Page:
The most popular image of the local church today is that of the corporation, with the pastor as the CEO. I wonder how many churches would want a CEO with the credentials of some of the people God used in the Bible? Moses was eighty years old when he began his ministry and he was wanted for murder in Egypt. Jacob was a schemer. Elijah suffered from depression, and so did Jeremiah. Hosea couldn’t keep his marriage together. Amos, a farmer, had no ministerial training. Peter tried to kill a man with his sword. John Mark was a quitter, and Paul couldn’t get along with his associate Barnabas. These traits are not excuses either for leaders to sin or for churches to lower their standards, but they do remind us that God’s ways aren’t always our ways. The man or woman we think least qualified for God’s work may turn out to be a mighty servant of God.
AND WHERE ARE ALL HIS MIRACLES WHICH OUR FATHERS TOLD US ABOUT, SAYING, 'DID NOT THE LORD BRING US UP FROM EGYPT: (Psalms 44:1; 78:3,4 )
Miracles (pala') is a verb meaning to do something wonderful, to do something extraordinary, or difficult. It frequently signifies the wondrous works of God, especially His deliverance and judgments. The verbal root of pala' has the basic meaning be surpassing and conveys the ideas "be extraordinary, beyond one's imagination or expectations" or "be too difficult, beyond one's capability." Gideon most likely was referring to the Exodus and the events connected to it. In the Exodus account pala' refers specifically to the plagues God sent upon Egypt (Ex. 3:20), while Ps. 78:11, 12 associates these wonders with the miracle at the Red Sea.
Gideon's response reflects unbelief as well as ignorance (or forgetfulness) of God and His clear warning in Scripture that if Israel would forsake God...
Gideon had it backwards! The Lord had not forsaken them as much as they had forsaken the Lord!
BUT NOW THE LORD HAS ABANDONED US AND GIVEN US INTO THE HAND OF MIDIAN: (Deuteronomy 31:17; 2Chronicles 15:2; Psalms 27:9; Isaiah 41:17; Jeremiah 23:33)
Gideon’s initial response ignored the singular pronoun “you” (Jdg 6:12), for he replied, If the Lord is with us (pl. pronoun). Gideon questioned the divine promise in view of his people’s present circumstances. He correctly concluded, however, that the Lord had put them into the hand of Midian. The point however is that it was not God Who had abandoned His people, but God's people who had turned their backs on Him. It is far easier to blame God for our problems than to recognize and deal with our sins and responsibilities.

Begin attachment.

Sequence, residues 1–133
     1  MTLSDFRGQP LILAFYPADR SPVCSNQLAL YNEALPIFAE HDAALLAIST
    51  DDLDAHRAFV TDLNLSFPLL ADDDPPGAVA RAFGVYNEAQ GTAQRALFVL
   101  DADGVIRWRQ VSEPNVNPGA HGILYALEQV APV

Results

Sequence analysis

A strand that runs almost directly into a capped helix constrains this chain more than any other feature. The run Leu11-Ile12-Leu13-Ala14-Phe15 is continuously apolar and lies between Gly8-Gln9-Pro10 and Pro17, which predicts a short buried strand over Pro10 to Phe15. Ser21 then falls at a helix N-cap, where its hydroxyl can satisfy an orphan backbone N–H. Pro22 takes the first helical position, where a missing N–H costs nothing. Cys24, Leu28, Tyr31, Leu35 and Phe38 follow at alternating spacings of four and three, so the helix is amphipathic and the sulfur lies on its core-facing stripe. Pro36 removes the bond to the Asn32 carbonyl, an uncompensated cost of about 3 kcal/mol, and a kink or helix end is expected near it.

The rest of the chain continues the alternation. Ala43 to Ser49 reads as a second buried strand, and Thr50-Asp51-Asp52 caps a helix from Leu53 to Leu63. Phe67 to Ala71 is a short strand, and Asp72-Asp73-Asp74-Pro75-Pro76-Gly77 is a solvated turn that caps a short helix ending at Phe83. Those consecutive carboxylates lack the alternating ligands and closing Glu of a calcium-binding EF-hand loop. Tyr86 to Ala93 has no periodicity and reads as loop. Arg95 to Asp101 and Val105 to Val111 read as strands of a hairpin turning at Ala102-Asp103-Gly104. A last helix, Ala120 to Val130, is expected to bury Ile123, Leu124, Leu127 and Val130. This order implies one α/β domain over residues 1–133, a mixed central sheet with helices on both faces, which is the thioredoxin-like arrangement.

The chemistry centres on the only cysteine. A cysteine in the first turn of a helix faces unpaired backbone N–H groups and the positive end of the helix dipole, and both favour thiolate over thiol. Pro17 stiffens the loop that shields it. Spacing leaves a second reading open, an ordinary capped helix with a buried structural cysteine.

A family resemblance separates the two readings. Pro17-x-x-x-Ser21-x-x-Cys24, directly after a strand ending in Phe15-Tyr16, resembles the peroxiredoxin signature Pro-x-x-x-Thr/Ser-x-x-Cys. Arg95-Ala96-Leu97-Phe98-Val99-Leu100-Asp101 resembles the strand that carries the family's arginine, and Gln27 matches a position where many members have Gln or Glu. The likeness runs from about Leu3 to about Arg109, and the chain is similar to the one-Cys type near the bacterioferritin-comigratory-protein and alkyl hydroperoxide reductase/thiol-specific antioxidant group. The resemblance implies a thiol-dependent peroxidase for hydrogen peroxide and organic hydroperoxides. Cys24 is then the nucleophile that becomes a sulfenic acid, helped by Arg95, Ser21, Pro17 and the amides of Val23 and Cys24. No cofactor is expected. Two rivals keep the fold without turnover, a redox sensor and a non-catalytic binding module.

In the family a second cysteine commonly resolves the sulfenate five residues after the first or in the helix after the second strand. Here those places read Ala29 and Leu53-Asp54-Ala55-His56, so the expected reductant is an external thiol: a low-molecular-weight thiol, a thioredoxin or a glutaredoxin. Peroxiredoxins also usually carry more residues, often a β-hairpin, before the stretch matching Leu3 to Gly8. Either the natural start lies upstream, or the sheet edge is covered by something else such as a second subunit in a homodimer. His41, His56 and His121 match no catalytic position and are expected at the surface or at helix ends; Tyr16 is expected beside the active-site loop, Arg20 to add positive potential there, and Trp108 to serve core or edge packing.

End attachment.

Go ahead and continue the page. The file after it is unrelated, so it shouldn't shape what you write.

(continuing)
Abandoned (natash) means to forsake or leave alone and carries the basic sense of leave, reject or abandon. Natash is used of the Lord rejecting his people because of their rebellion. When God does so, He withdraws His protective presence and hands them over to their enemies, subjecting them to defeat and humiliation.
John MacArthur's comment is cogent:
|Judges 6:14 And the LORD looked at him and said, "Go in this your strength and deliver Israel from the hand of Midian. Have I not sent you?"|
LXE And the angel of the Lord turned to him, and said, Go in this thy strength, and thou shalt save Israel out of the hand of Madiam: behold, I have sent thee.
AND THE LORD [turned towards &] LOOKED AT HIM AND SAID:
Note that the Messiah turned and fixed Gideon in His gaze. Although did not fully recognize Who it was that looked at him, he must have seen something different as he later seeks to bring an offering.
Spurgeon wrote a devotional on this verse entitled "One Look from the Lord"...
GO IN THIS YOUR STRENGTH AND DELIVER ISRAEL FROM THE HAND OF MIDIAN: (Jdg 4:6; Joshua 1:5, 6, 7, 8, 9; 1Samuel 12:11; 1 Chronicles 14:9,10; Hebrews 11:32,34)
He is not saying "Gideon, gird yourself up like a man...you can do it." Relying on his own strength made Gideon hide in a winepress. "This is your strength" is the strength that God has given by His promise of His presence (Jdg 6:12, 16, cp Php 4:13-note). God's answer to discouragement is NOT positive thinking but rather the promise of His presence. (cp Mt 28:18, 19, 20).
Hudson Taylor emphasized that...
The strength-giving power of a look from the eyes of Christ! Gideon was weak enough. He said, quite naturally, “My family is the poorest in Manasseh, and I am the least in my father’s house” (Judges 6:15, r.v.). But from the moment of that look, accompanied by that summons, he arose in a strength that never afterwards faltered. How truly “God hath chosen the foolish things of the world to confound the wise; and the weak things of the world to confound the things which are mighty.”